In terms of design, the options are extremely limited on a Facebook page. All a business can do is park its important info and a few design elements such as pictures and logos in their designated spots –– P.S. Don’t forget to make sure that the image file type, size and dimensions meet Facebook’s requirements and community guidelines, which are subject to change. This brings us to our next reason.

#3: Facebook Pages belong to Facebook

With its updates to its Business Pages, Facebook is on its way to establishing itself as a micro-web of sorts (whether they intend to or not), where any business (and customer) can occupy a space, seemingly free of charge. And while no money might be involved, there is a price: anything created on Facebook belongs to Facebook first. Whoever set up the page or profile merely rents it.

Sure, you as a business owner might have access to solid marketing and analytics tools along with some creative say in what goes on the business page, but ultimately what Facebook says, goes. The page is still subject to all rules, regulations and most-importantly algorithms that Facebook uses at its discretion. Consequently, no reward can be guaranteed for any efforts made to boost engagement. All a ‘like’ on a Facebook page means is that a user is interested in the page’s content. That’s it. They still have to engage with the page on a regular basis, or Facebook’s algorithm will remove its posts from their timelines.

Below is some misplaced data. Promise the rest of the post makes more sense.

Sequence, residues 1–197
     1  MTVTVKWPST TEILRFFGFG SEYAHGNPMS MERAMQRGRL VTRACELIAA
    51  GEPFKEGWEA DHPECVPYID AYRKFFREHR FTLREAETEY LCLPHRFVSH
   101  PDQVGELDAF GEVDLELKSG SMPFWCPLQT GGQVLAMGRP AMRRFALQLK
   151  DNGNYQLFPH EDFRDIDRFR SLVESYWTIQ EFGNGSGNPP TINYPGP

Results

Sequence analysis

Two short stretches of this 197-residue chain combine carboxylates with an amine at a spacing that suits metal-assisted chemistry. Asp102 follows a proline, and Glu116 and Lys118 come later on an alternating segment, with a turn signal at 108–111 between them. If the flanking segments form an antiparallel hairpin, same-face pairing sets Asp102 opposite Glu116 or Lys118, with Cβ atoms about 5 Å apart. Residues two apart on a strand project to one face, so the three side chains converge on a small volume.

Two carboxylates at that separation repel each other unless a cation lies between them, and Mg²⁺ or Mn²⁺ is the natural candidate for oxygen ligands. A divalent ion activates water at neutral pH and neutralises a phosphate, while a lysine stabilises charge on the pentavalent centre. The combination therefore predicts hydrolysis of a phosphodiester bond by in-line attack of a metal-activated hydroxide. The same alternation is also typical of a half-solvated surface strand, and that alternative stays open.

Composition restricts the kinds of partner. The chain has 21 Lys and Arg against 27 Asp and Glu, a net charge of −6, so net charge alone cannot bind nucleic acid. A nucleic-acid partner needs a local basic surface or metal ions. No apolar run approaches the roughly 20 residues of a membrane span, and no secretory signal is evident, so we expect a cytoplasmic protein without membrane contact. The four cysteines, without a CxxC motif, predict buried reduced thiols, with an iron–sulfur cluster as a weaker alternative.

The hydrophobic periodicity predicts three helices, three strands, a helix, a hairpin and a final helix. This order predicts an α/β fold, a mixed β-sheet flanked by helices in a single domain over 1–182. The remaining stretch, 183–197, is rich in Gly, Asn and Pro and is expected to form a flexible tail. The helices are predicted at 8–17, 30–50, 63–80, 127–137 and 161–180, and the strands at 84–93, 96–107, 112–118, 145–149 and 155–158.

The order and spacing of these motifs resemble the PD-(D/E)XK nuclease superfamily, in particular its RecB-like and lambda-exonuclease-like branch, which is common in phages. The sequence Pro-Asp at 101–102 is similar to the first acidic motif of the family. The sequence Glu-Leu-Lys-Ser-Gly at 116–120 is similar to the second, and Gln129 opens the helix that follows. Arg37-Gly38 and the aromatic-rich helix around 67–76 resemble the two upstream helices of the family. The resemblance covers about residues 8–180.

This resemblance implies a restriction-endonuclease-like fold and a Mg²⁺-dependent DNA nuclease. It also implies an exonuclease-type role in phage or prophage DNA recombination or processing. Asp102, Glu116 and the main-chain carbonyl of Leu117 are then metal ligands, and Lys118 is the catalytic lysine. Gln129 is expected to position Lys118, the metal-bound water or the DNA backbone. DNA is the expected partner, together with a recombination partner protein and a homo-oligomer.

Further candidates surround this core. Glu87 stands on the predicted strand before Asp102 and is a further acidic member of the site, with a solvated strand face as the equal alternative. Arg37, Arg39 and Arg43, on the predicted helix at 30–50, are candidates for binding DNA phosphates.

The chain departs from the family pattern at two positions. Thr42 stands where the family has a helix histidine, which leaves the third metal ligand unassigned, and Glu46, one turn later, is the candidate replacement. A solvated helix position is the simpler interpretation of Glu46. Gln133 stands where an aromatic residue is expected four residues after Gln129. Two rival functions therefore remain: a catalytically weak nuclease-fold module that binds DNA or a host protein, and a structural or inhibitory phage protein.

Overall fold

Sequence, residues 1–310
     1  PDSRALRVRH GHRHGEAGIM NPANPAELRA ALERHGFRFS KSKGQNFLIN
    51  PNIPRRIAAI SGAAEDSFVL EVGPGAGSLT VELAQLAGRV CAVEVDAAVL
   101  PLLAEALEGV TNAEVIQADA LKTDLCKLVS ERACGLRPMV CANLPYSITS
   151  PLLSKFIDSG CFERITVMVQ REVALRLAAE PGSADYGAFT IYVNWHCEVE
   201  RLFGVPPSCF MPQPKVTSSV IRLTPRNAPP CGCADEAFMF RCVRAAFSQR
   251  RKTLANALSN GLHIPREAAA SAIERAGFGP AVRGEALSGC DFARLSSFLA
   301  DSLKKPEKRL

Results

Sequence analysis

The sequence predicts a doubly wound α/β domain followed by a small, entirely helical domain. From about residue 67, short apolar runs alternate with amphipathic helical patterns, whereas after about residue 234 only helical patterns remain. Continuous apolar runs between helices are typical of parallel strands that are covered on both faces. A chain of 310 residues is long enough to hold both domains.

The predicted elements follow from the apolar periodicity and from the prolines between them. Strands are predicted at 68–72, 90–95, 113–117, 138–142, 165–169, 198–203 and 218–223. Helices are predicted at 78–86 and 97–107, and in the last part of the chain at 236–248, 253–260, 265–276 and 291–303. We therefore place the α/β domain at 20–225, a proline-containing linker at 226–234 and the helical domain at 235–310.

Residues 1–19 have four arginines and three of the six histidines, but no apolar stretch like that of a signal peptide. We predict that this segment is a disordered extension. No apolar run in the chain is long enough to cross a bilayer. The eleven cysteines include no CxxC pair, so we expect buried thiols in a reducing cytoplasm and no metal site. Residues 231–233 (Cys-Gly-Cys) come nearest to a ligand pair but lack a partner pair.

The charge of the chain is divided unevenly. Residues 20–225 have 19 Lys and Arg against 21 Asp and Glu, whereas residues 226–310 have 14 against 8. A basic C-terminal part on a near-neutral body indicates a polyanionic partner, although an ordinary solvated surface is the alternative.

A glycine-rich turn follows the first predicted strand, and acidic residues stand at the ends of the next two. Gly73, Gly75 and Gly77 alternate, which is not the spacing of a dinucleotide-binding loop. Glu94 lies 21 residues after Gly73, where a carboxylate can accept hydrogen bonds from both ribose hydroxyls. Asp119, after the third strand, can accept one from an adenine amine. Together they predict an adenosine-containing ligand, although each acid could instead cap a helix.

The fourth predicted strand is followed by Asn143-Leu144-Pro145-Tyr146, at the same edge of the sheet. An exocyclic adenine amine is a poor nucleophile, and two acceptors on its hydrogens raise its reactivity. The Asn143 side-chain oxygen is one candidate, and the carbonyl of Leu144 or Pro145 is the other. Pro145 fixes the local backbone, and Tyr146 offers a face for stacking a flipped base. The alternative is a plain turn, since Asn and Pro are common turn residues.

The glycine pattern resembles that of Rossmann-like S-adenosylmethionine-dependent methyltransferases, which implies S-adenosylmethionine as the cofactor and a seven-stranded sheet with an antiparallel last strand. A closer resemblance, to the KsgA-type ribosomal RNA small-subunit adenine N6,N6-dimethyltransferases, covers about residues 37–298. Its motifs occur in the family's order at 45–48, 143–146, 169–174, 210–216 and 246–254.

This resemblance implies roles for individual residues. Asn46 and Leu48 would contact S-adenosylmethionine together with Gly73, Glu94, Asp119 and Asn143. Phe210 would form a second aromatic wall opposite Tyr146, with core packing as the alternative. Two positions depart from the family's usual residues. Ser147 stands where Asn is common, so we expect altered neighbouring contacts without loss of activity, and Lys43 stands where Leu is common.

#4: Sites belong to You

A website, on the other hand, belongs to the business that has created it. It is square one; the raw material over which a designer has full, limitless creative control. You’re free to mold and shape it from scratch to meet your client’s needs, with little to no restrictions.

On a website, the business comes first. Thus, anything done with it, and any tool used on it, will be for the benefit of the business first. For every business-boosting tool (eCommerce, Marketing, Analytics) that Facebook might offer on its platform, there is a better, more-robust real-world counterpart that can easily be used for an SMB site. In fact, many agencies use these tools to offer niche services such as marketing, SEO and even social media packages to SMBs. Hard to get that with just a Facebook page.

Say you have special marketing materials that you would like to make available for download; you’ll need a website for that. If you try to do it on your Facebook page, all you’ll be able to do is create a post telling your audience where to find the special materials on your sites. There is no place on Facebook to actually house them for direct download.

Reason #5 Websites = Brand Power

What can a site tell us about your business? Everything you want us to know about your brand. Not just who you are, but also the where, when and why of your businesses –– in whichever way you want to tell the world. On a Facebook page, business info is relegated to the design equivalent of assigned seating. And if your SMB wants to deviate from the rigid template that Facebook currently offers, it can, at best, get creative with images. For example, you could upload a banner with some creative copy in it as a background image. There’s no way to modify the page’s template.